Reconstruction efforts after the Russo-Georgian War

From Wikipedia, the free encyclopedia
Jump to: navigation, search

The Russo-Georgian War caused major infrastructural and economic damage throughout Georgian and South Ossetian territory. Many countries promised reconstruction aid to the affected regions.

Georgia[edit]

A donors' conference for Georgia was scheduled to be held on October 21 or October 22.[1] On 20 October 2008, on the sidelines of an international high level conference in Belgium on "The Future of Parliamentary Involvement in Global Health and Development" the humanitarian situation in Georgia was also discussed.[2] On 22 October 2008, the United States pledged $1 billion economic support package at a European Union-sponsored donors’ conference in Brussels; this came in addition to aid of nearly $40 million in emergency humanitarian assistance delivered by USAID and the U.S. Defense Department during the crisis.[3] The European Commission added another "up to" €500 million. While many nations did not disclose their actual pledges, diplomats said Germany had pledged €33.7 million to add to their pre-war offer of €35 million. Sweden also ranked high on the list of most generous donors with €40 million while France promised €7 million.[4] Japan pledged $200 million in recovery aid over three years, primarily for rebuilding roads and rail systems, but they also joined delegates to urge Georgia to continue progress on democratic and economic reforms. The International Monetary Fund offered a $750 million loan package, while the European Investment Bank offered €200 million in loans to rebuild infrastructure.[3]

In total, the Brussels conference agreed to deliver $4.55 billion for Georgia.[3] The amount far exceeded the $3.25 billion estimate of the World Bank and United Nations.[3]

Georgian Prime Minister Lado Gurgenidze said, "We are deeply moved and humbled by the demonstration of solidarity and support that we have received," additionally noting the pledges were made despite the ongoing effects of a global financial crisis. He then added that "Every single, euro, dollar and pound will make Georgia stronger, more prosperous, freer, more democratic and more genuinely and thoroughly European." "(It) will alleviate, to a significant degree, the human suffering that has resulted in the aftermath of the Aug. 7 conflict." Joint summit host, EU External Affairs Commissioner Benita Ferrero-Waldner, said of the occasion and its outcome that "This is a day of joy."[4]

South Ossetia[edit]

Reconstruction in Tskhinvali after the war
President Eduard Kokoity inspecting reconstruction work in August, 2009

In September 2008, Russia sent hundreds of workers to rebuild Tskhinvali and promised cash payments for every South Ossetian.[5] South Ossetian Prime Minister Boris Chochiev said that Russia "promised to pay South Ossetians up to $2,000 each in compensation for war damage."[5] In September 2008 Russia financed payment of pensions for South Ossetian pensioneers, financed aid for unemployed and subsidised families that lost their houses during the war.[6] Russian reconstruction aid for South Ossetia was $490 million. However, there were serious concerns about the effectiveness of the distribution of Russian aid by South Ossetian authorities.[7]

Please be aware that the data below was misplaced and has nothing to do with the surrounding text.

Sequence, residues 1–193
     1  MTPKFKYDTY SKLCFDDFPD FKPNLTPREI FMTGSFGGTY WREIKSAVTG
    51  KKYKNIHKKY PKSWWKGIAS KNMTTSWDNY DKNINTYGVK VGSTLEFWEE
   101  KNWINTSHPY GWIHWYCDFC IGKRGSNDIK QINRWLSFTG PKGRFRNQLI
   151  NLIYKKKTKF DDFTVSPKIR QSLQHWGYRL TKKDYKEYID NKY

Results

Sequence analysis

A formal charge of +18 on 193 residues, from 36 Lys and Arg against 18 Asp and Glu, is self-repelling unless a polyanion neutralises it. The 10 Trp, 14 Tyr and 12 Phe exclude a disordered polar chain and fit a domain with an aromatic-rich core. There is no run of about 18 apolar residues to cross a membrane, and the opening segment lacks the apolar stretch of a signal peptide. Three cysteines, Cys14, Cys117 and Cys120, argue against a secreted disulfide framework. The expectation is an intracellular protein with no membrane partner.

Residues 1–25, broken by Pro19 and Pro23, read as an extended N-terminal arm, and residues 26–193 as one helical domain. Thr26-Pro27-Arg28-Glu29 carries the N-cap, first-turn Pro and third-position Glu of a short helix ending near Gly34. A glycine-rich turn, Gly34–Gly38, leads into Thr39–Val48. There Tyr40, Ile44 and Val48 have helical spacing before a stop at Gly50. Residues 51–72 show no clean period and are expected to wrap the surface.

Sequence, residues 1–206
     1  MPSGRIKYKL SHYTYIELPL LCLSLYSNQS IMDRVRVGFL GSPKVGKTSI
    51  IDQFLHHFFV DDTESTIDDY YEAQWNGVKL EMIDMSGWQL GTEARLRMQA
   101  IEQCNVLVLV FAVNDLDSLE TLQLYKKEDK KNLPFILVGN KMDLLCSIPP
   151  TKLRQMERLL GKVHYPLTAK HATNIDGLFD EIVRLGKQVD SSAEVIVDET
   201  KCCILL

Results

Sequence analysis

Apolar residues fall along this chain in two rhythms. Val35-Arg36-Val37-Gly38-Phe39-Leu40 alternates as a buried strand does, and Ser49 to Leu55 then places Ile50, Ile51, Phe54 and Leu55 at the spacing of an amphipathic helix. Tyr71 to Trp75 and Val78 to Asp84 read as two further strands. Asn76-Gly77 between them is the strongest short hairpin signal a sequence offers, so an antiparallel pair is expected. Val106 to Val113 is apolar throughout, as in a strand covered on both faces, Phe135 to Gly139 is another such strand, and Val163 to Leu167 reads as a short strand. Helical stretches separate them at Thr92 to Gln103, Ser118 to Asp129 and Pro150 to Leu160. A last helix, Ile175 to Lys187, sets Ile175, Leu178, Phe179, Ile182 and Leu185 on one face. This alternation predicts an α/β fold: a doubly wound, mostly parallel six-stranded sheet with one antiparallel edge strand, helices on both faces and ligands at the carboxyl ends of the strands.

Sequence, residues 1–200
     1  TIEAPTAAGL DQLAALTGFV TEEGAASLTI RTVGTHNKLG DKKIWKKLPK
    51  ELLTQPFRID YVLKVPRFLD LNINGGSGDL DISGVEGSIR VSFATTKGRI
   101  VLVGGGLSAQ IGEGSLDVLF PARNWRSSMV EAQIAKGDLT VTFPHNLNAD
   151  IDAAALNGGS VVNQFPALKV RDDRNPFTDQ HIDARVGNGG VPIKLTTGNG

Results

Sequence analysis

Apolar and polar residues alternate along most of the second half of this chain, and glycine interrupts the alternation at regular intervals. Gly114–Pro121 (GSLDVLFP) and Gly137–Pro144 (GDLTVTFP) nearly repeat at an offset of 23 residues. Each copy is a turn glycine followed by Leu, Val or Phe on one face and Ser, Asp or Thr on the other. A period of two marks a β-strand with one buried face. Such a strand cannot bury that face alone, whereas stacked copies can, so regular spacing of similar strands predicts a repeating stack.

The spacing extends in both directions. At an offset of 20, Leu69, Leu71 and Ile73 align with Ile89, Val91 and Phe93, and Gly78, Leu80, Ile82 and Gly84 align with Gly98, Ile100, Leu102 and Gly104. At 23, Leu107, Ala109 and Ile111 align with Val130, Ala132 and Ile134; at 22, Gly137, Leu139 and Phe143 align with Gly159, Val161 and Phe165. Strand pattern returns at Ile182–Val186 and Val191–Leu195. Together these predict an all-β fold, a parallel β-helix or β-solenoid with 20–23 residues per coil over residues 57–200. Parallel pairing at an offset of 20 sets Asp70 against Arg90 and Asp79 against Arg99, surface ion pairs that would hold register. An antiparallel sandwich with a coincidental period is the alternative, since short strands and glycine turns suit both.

In March 2009, Russian Prime Minister Vladimir Putin ordered the Finance Ministry to initiate an agreement on financial assistance to Abkhazia and South Ossetia.[8] Russia would allocate 8.5 billion rubles to South Ossetia in order to assist in rebuilding housing, social amenities and utilities damaged during the war.[9] According to Eduard Kokoity, seventy percent of residential housing and eighty percent of administrative buildings in Tskhinval were destroyed in the Georgian shelling of the city in 2008.[10]

The Dzuarikau–Tskhinvali gas pipeline from North Ossetia to Tskhinvali was launched on 26 August 2009. The new pipeline was reported to have cost 15 billion rubles (US$476 million). Before the construction, South Ossetia was supplied by gas through the Agara-Tskhinvali leg of the Georgian Tbilisi-Kutaisi trunk system.[11] Dzuarikau-Tskhinvali gas pipeline is one of the highest-altitude pipelines in the world.[12]

References[edit]

  1. ^ "Georgia donors' conference set for October 21 in Belgium". Expatica. 26 September 2008. 
  2. ^ "On October 20 within the frames of his visit to Brussels George Tsereteli, Deputy Chairman of the Parliament of Georgia attended an International High Level Conference on: “The Future of Parliamentary Involvement in Global Health and Development”". Parliament of Georgia. 20 October 2008. Archived from the original on 26 September 2011. [dead link]
  3. ^ a b c d David McKeeby (22 October 2008). "United States Leads Surge of Donors Rebuilding Georgia". Archived from the original on 24 October 2008. [dead link]
  4. ^ a b "Surprisingly large financial aid package pledged to Georgia". Expatica. 23 October 2008. 
  5. ^ a b Yuras Karmanau (3 September 2008). "Russia sends cash, builders to S. Ossetia". 
  6. ^ (Russian) "Россия отправила деньги пенсионерам Осетии". Дни.ру. 5 September 2008. 
  7. ^ "Six Months after Caucasus War: South Ossetia Becomes Thorn in Russia's Side". Der Spiegel. 24 December 2008. 
  8. ^ "Russian government will conclude an agreement on financial aid with Abkhazia and South Ossetia". REGNUM News Agency. 2 March 2009. 
  9. ^ "Russia signs financial aid deals with Abkhazia, South Ossetia-2". Moscow: RIA Novosti. 17 March 2009. Retrieved 2009-08-04. 
  10. ^ "Eduard Kokoity: I rule out a new Georgian aggression". RIA Novosti. 3 August 2009. 
  11. ^ "New gas pipeline for S.Ossetia costs $476 mln - Gazprom". RIA Novosti. 26 August 2009. 
  12. ^ "Who needs the destabilization of South Ossetia?". RIA Novosti. 26 August 2009.